About 153 years ago in early May 1866 a race riot exploded in Memphis during the early stages of Reconstruction.
Trouble began on April 30th when a regiment of black solders was mustered out at a nearby army post. As they waited for their discharge pay many celebrated and became inebriated. A street fight erupted between some of the soldiers and the police until each went their separate ways.
The next day a larger group of soldiers again gathered in the street, celebrating with intoxicants. Four policemen tried to disperse them, but the soldiers chased them away. Gunfire broke out and two policemen were shot. After the police obtained reinforcements several soldiers were killed before returning to the army post that evening.
While the black soldiers remained on the army post, police, firefighters and an armed posse of about 100 other whites deputized by the Sheriff attacked the city’s comparitively unarmed blacks. After a two day rampage, the local army commander declared martial law, even though the Memphis mayor requested that he intervene two days earlier. A total of more than forty blacks and two whites had been killed.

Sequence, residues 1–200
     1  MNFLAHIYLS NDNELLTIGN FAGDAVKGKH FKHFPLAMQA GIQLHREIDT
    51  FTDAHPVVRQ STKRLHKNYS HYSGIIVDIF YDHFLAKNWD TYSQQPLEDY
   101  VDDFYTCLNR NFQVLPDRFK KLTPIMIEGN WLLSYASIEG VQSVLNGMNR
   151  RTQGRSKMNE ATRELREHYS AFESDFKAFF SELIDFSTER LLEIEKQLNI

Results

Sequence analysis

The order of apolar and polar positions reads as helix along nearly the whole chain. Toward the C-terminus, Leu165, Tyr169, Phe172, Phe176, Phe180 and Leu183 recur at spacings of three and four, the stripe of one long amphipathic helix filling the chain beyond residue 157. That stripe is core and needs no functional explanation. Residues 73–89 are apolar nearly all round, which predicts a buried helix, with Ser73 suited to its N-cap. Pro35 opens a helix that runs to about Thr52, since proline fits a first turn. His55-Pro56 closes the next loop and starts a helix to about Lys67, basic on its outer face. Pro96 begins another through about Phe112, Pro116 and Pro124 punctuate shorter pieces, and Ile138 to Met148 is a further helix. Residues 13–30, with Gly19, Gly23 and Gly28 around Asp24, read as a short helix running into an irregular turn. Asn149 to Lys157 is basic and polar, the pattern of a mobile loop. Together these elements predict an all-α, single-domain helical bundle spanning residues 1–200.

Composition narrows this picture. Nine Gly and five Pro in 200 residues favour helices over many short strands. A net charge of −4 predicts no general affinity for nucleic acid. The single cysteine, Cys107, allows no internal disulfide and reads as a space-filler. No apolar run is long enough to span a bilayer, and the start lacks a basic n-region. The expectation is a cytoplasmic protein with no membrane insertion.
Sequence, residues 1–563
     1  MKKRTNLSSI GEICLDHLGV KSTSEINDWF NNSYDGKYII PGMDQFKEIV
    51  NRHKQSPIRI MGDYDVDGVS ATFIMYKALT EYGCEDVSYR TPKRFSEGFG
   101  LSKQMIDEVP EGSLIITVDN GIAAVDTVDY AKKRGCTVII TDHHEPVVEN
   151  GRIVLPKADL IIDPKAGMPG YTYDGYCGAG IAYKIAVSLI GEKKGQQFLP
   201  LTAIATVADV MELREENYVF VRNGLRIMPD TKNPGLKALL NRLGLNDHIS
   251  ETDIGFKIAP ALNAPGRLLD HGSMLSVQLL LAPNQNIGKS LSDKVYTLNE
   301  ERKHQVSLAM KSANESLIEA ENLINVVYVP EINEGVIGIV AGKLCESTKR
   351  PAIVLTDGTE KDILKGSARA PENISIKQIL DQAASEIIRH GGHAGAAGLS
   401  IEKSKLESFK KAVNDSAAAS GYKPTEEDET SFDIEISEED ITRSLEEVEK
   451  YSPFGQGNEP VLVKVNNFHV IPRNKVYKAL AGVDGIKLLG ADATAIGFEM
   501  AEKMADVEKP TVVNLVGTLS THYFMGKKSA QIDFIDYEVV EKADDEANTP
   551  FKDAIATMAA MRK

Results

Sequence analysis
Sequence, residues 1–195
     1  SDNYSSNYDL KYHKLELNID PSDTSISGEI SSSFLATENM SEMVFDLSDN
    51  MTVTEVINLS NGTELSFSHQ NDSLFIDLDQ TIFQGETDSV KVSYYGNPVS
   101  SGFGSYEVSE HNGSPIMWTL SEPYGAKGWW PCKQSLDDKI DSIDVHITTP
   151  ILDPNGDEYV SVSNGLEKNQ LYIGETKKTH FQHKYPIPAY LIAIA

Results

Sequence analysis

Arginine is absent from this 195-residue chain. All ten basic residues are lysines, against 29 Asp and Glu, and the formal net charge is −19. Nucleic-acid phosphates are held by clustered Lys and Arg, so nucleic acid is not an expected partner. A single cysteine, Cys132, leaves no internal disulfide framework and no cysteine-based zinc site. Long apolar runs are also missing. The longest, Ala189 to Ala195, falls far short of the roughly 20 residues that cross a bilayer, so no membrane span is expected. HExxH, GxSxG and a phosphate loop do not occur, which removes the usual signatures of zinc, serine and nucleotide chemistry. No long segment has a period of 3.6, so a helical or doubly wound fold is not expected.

The synopsis above is best understood by examining context beyond the obvious racism that existed in the city at the time.
First, the initial post-war Memphis military commander repeatedly warned against using black soldiers in the garrison because it increased the potential for racial violence. Other military leaders, from General Ulysses Grant on down, agreed that black occupation troops should not be used in the South. Continue reading